Wednesday, January 31, 2018

If coastal cities need more rain...

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If coastal cities need more rain they could try heating water in greenhouses to add water vapour to the air. Here is a graph (below) using the average of six evaporation equations. You can get 20 or more times the evaporation by increasing water temperatures. 
Studies on evaporation from windy sea conditions show more rain with more evaporation of spray. 
In many cities you can evaporate over 100 000 litres every day with a 100m by 100m greenhouse and add it to the atmosphere, humidifying it and increasing chances of rain. 1kWh can evaporate about 1.5 litres and many cities can easily get about 8 kWh of solar energy on every horizontal square metre in a day.
When the air is hotter than the sea the water cools the air immediately above it and the relative humidity (RH) of this air increases and water can even condense out of the air so that "negative evaporation" occurs. If the seawater is hotter than the air the evaporation increases substantially, because the water heats the air above it, the RH of the air decreases, and the hotter air can take up moisture faster. This principle of high evaporation rate with water being hotter than air can be used to increase the humidity of the air and increase chances of rainfall. Therefore, heating seawater in greenhouses and so on can be very effective. Evaporation equations do not all give the same rate of evaporation and I use an average from six evaporation equations. Example: Wind speed=10 km/h, Air temperature above water is 32 deg C, temperature of water is 20 deg C, pressure = 1 atm. The average of the six equations is -1 mm per day so water condenses out and we could get a mist immediately above the water. Now we keep everything the same except we heat the water in a greenhouse to 37 deg C. The rate of evaporation (given by the average result of the 6 equations) is now 28 mm per day and we can increase the humidity of the air substantially, increasing chances of rain. Calculations show, if the area of greenhouses were one square kilometre, one could evaporate over 10 million litres a day in sunny areas.

Air tends to move back and forth with sea breezes and land breezes, so the humidity could accumulate every day from the greenhouse evaporation.

Here is another graph (below) where air temperature is increased by only 1 deg C. So, as the air heats more relative to the sea, so the evaporation from the sea decreases. Decreased evaporation means decreased chances of rain.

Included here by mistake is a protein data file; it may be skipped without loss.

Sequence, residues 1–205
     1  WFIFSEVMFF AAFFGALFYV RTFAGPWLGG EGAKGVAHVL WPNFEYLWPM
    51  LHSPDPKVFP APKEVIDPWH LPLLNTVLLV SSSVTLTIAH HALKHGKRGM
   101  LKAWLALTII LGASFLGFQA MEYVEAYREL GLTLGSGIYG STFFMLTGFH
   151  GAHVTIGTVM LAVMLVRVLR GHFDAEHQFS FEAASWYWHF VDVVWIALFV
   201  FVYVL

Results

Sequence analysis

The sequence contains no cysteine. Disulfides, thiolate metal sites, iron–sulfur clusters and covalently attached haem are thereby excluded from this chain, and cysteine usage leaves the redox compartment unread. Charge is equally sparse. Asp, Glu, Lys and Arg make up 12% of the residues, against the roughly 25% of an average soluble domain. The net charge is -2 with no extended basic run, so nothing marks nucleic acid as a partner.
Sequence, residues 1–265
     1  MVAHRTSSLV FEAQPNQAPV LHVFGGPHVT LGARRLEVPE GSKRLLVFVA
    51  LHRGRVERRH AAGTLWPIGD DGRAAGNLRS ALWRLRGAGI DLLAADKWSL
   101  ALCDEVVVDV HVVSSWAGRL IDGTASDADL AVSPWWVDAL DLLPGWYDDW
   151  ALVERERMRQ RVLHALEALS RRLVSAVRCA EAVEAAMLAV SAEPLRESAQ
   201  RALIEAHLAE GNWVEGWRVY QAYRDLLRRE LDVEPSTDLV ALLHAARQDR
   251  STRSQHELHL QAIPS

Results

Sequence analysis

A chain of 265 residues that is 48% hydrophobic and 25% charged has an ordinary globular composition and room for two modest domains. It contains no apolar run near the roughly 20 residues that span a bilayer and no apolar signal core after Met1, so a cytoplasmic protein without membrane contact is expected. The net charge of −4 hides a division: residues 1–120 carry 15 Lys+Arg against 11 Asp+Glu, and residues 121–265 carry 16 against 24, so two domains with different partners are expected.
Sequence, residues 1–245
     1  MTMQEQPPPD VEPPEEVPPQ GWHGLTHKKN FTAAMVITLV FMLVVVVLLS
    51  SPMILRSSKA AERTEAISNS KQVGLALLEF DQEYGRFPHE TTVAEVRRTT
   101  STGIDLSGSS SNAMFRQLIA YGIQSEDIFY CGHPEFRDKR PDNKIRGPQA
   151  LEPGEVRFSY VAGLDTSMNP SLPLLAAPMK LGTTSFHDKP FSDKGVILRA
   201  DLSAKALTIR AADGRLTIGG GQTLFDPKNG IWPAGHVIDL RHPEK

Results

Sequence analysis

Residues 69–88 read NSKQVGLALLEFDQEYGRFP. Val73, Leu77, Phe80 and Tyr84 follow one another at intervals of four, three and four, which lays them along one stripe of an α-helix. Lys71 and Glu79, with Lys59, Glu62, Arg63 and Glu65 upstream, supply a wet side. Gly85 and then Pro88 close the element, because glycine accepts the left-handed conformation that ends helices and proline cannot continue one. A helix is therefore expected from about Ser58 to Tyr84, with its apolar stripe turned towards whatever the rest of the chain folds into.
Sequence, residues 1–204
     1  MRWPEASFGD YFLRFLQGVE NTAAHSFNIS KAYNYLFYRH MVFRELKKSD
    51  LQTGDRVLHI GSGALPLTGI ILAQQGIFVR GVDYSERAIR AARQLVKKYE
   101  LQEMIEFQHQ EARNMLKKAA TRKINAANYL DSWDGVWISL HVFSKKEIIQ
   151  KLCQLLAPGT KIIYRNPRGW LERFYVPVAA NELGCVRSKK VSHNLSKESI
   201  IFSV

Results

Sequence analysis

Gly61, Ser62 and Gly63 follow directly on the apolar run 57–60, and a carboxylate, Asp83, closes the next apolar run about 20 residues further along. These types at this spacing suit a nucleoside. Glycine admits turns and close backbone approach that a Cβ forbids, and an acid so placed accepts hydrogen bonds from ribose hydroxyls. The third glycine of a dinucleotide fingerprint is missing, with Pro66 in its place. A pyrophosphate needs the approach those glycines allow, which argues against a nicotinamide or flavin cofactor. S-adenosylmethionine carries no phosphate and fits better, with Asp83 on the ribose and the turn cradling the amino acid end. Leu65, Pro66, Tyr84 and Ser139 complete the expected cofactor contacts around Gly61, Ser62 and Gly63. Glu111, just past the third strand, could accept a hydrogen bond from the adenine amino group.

Tuesday, January 9, 2018

Rain by humidification above the ocean.

Above shark nets, about 20 m above the ocean, have thick pipes with thousands of holes in that water streams out. Water can be pumped into the pipes using wind turbines. If the wind is blowing at 10 km per hour and the pipes are 1 km long, then the volume of air humidified in an hour is 1 km x 10 km x 0.02 km = 0.2 cubic kilometres.
In a day this is 4.8 cubic km of air. Nights are warmer with more humid air and I am going to use this as an example: RH=65% and Tair=20 deg C before humidification. RH=80% and Tair=22 deg C after humidification (the air will be blowing back and forth with land and sea breezes). Before humidification the water vapour content of the air is 11.2 grams/cubic metre and after humidification it is 15.5 grams/cubic metre. This is an increase of 38%. This relies on the fact that more humid air will keep in heat from the ocean when air is colder than the ocean. See

The heat from the ocean will help humidify. Air is usually colder than the ocean at night. During the day any mist will absorb solar energy and heat up and evaporation will occur. 

Thursday, January 4, 2018

Easy wet bulb temperature determination

People have been searching on the Internet for an easy way to calculate wet bulb temperature (and so have I). Experts give various long calculations and I wanted an accurate value easily calculated. I had a lot of trouble searching on various forums and eventually found a site that uses an equation that can be solved numerically that gives me an accurate answer, but the formula did not work unless I changed the P units from hectopascals to atmospheres. So instead of 1000 hPa I use 1000/1013.25. I solve numerically using a computer program I wrote to get Tw (wet bulb temperature). The formula is at
and I notice that P is included in one equation and left out in the next equation. However if you use atm it should work well with P included in both. The formula gives RH, but you can find Tw numerically. Say you are trying to find the wet bulb temperature for Td=45 deg C and RH=67%. Then let RHS=formula given and start with Tw=45 (represents RH=100%) and decrease Tw iteratively until RHS<=67. Find Tw at that point.

You can use a wet bulb calculator to check how accurate the above formula is (pretty good).
Your inputs into the program will be Td, RH and P. (P in atm). (Td is dry bulb T and Tw is wet bulb T.)

Code in Pascal:
until (RHS<=rh);

{Now print Tw}